Let us consider an example.
- A UK group devises a transaction that requires the participation of Jersey-based subsidiaries to achieve its intended tax result.
- In Jersey, the directors of the subsidiaries hold board meetings to approve the transaction. The directors are influenced by the wishes of the UK parent company, but equally they know what they are being asked to decide and understand their duties as directors.
For tax purposes, where are these subsidiaries resident - Jersey or the UK?
This is the underlying dispute in the Development Securities litigation, on which the Court of Appeal has just published its decision.
Since the first court decision on these facts in August 2017, there has been considerable interest from tax professionals in whether this case will change the approach of the courts or HMRC in establishing company residence in the UK.
My previous update on this case dealt with the Upper Tribunal decision. At that stage, HMRC was unsuccessful and many advisers took comfort that the long-established test for corporate residence had been applied in the way the taxpayers expected.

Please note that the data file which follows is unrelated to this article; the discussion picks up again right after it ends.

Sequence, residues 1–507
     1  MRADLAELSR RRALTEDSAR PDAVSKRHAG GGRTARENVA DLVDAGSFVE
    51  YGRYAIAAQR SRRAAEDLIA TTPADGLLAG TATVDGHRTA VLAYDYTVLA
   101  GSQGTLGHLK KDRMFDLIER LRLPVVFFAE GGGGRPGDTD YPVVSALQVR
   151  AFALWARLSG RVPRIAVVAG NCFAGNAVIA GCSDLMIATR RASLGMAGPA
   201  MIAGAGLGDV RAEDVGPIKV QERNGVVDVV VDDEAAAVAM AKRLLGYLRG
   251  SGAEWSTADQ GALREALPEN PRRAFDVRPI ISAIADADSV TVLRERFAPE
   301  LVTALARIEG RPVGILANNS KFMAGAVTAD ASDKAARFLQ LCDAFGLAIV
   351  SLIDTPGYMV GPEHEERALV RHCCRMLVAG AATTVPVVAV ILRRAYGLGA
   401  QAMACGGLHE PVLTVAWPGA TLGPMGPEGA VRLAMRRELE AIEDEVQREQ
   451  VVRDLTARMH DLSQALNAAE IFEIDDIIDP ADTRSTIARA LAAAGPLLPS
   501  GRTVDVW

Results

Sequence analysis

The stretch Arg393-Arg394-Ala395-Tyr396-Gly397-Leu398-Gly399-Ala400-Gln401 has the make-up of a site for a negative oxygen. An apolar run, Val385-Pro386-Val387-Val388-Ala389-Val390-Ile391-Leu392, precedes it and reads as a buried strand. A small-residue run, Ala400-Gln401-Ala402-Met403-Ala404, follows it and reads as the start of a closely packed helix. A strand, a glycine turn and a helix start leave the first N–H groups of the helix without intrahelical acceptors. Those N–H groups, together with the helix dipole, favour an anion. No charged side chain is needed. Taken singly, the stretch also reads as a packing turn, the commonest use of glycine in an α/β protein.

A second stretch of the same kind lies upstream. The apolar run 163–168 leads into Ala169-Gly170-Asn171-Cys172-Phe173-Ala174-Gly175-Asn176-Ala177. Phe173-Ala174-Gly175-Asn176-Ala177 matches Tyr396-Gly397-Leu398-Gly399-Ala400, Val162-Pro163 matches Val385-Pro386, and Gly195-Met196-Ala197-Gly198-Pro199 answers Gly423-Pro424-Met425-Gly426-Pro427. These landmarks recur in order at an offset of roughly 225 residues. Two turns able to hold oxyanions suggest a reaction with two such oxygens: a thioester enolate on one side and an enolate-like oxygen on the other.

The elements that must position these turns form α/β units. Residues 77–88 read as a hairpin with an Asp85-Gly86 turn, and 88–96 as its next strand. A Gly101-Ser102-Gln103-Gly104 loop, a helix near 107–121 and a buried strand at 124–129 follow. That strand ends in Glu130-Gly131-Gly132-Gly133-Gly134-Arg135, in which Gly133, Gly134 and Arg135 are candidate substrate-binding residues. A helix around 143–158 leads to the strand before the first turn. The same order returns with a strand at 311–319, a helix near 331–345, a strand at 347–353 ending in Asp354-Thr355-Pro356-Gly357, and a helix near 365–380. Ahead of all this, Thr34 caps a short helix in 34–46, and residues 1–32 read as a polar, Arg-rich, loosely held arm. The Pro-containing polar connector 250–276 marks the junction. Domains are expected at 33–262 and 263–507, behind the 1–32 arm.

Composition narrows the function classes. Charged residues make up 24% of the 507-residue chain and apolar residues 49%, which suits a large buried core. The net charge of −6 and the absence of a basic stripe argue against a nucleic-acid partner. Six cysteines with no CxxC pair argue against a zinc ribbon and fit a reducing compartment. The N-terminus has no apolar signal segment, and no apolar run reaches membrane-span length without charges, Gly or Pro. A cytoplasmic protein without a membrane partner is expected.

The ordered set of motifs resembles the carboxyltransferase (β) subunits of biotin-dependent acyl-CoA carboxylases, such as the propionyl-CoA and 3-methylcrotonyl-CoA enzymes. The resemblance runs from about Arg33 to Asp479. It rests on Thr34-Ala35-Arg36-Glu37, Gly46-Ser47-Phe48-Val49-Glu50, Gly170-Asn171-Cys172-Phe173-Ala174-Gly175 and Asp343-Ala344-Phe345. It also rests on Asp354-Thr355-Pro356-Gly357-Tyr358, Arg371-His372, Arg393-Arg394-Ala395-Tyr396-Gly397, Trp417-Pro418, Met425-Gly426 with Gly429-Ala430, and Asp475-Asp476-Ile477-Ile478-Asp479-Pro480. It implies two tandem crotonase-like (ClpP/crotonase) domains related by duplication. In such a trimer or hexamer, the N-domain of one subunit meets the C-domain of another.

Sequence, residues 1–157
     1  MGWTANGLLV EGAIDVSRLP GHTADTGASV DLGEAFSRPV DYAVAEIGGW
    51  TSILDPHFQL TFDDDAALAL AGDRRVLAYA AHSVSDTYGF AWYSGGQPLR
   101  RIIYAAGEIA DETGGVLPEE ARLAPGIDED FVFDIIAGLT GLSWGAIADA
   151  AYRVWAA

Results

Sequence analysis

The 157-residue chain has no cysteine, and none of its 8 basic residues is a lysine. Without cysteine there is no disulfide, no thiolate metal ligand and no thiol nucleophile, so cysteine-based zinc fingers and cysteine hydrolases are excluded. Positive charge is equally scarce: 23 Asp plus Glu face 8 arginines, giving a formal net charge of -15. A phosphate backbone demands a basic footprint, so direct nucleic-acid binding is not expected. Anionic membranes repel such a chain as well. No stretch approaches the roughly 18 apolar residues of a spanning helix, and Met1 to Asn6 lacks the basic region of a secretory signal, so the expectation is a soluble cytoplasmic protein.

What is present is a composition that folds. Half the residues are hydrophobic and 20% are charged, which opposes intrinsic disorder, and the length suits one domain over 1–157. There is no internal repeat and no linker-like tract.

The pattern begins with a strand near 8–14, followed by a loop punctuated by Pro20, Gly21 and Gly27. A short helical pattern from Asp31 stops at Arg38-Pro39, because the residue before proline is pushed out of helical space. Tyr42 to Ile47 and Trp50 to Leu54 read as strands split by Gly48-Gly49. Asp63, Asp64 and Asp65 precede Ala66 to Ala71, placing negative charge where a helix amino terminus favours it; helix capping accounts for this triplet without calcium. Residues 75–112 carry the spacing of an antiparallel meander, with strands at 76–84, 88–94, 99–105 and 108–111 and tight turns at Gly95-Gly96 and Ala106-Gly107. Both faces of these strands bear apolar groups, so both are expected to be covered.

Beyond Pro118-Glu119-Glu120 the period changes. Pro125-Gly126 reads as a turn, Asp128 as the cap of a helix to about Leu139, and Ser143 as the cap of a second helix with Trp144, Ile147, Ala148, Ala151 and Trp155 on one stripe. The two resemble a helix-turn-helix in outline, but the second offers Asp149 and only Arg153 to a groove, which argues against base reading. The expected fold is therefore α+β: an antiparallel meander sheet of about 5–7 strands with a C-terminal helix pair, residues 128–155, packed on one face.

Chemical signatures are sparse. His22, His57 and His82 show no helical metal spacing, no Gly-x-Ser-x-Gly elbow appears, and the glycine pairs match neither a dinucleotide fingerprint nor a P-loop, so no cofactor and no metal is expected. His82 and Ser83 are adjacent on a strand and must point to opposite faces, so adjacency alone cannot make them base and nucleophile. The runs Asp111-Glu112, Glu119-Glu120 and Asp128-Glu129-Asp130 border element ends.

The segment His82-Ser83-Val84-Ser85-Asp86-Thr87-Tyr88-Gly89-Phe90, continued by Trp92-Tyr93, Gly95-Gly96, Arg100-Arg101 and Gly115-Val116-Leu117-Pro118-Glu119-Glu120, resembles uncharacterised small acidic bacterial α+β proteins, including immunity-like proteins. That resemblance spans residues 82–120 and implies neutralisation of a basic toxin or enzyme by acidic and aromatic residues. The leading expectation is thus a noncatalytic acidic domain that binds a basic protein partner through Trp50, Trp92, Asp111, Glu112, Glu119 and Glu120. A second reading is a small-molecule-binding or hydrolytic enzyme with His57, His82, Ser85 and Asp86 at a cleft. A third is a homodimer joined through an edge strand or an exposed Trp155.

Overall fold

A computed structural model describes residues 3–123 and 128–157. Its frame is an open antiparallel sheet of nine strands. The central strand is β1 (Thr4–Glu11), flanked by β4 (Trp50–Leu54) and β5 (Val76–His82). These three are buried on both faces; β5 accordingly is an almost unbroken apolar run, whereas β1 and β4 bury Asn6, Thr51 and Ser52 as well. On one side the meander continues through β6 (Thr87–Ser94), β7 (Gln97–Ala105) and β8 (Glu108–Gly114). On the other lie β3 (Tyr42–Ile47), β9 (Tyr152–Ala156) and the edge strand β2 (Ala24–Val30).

The Court of Appeal has now reversed that outcome.
However, unlike the lower courts, the Court of Appeal has decided the case on fairly narrow and procedural grounds. So the opportunity to clarify the law in the context of the above example has been missed, at least for now.
It is not clear whether a majority in the Court of Appeal thought that the Jersey subsidiaries should be treated as UK resident. There are three judgments. One suggests that the First-tier Tribunal was right to find that the subsidiaries were UK tax resident, one takes the opposite view, and the third deals with the issues without indicating an answer one way or the other.
If there is a simple lesson in all of this it is that it is difficult to re-litigate heavily fact-dependent decisions in the higher courts. HMRC won at first instance (where the facts were reviewed in detail) and after the Court of Appeal decision that remains the outcome.
On the wider question - if the legal test for company residence is to evolve - that will now depend on whether the Supreme Court chooses to hear a further appeal.
the issue of the residence of Jersey companies for UK tax purposes was "an essentially factual enquiry as to who makes the strategic and management decisions regarding the company's business and where those decisions are made."